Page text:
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[brest-bohn] /ˈbrɛstˌboʊn/
the sternum.
Origin of breastbone
before 1000; Middle English brust-bon, Old English brēostbān. See breast, bone1 Unabridged
Based on the Random House Dictionary, © Random House, Inc. 2015.
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Examples from the web for breastbone
  • It stretches from the bottom of the breastbone to the belly button, and increases with muscle straining.
  • Or the cancer may have spread to lymph nodes behind the breastbone.
  • Persistent pain from the breastbone cut is unlikely but possible.
  • The breastbone is attached to the collarbone and the first seven ribs.
  • The first cut through the breastbone will avoid damage to the internal organs.
  • They include the bones of the head, vertebral column, ribs and breastbone or sternum.
  • Mckinley was hit in the breastbone and stomach eight days later, he died.
British Dictionary definitions for breastbone


the nontechnical name for sternum
Collins English Dictionary - Complete & Unabridged 2012 Digital Edition
© William Collins Sons & Co. Ltd. 1979, 1986 © HarperCollins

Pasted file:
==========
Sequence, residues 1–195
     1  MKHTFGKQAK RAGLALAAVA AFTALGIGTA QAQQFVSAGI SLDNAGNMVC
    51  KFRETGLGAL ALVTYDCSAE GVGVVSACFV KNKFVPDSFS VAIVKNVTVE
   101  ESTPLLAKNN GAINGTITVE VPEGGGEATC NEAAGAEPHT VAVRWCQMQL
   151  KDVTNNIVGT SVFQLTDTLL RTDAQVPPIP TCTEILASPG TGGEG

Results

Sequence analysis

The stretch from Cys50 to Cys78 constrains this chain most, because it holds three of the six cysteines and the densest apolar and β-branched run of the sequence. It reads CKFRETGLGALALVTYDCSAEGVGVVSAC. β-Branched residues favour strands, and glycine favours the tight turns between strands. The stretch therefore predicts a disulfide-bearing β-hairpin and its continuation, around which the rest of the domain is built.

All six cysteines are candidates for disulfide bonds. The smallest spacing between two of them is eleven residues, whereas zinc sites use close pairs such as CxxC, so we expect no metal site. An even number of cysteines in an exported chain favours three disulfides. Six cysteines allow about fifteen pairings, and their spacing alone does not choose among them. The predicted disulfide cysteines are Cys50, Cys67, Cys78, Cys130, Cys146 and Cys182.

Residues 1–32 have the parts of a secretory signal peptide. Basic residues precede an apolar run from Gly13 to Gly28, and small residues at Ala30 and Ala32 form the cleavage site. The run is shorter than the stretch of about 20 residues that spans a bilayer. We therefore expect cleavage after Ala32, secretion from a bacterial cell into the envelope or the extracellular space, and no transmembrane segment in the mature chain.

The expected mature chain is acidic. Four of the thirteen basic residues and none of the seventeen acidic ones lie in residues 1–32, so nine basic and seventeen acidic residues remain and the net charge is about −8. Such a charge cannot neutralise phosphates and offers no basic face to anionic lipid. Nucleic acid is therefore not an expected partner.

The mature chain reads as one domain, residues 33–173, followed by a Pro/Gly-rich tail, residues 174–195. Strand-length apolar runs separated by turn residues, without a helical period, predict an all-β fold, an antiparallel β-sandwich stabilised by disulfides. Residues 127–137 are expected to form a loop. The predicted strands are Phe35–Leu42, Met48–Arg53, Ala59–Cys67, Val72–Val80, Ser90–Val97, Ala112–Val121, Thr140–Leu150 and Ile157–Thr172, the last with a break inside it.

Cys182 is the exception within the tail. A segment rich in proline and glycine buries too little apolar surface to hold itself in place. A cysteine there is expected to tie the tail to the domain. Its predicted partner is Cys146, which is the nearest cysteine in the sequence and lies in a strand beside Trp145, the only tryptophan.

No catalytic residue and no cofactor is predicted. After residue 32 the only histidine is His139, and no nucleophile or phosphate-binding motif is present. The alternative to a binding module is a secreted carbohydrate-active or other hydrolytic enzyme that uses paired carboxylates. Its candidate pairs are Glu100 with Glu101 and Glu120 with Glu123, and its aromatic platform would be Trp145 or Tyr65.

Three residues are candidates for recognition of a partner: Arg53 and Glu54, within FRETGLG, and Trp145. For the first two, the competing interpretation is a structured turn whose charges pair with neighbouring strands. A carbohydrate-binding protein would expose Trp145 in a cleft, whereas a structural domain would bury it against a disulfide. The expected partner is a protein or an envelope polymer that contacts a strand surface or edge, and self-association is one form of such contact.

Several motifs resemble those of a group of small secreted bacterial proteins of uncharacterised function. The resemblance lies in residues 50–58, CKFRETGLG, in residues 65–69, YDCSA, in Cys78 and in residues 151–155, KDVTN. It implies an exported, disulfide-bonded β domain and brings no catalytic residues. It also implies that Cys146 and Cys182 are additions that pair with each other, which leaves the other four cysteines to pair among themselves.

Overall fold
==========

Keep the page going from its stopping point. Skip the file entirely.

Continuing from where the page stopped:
Publishers 1998, 2000, 2003, 2005, 2006, 2007, 2009, 2012
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Word Origin and History for breastbone

"sternum," Old English breostban; see breast (n.) + bone (n.).

Online Etymology Dictionary, © 2010 Douglas Harper
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breastbone in Medicine

breastbone breast·bone (brěst'bōn')
See sternum.

The American Heritage® Stedman's Medical Dictionary
Copyright © 2002, 2001, 1995 by Houghton Mifflin Company. Published by Houghton Mifflin Company.
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breastbone in Science
See sternum.
The American Heritage® Science Dictionary
Copyright © 2002. Published by Houghton Mifflin. All rights reserved.
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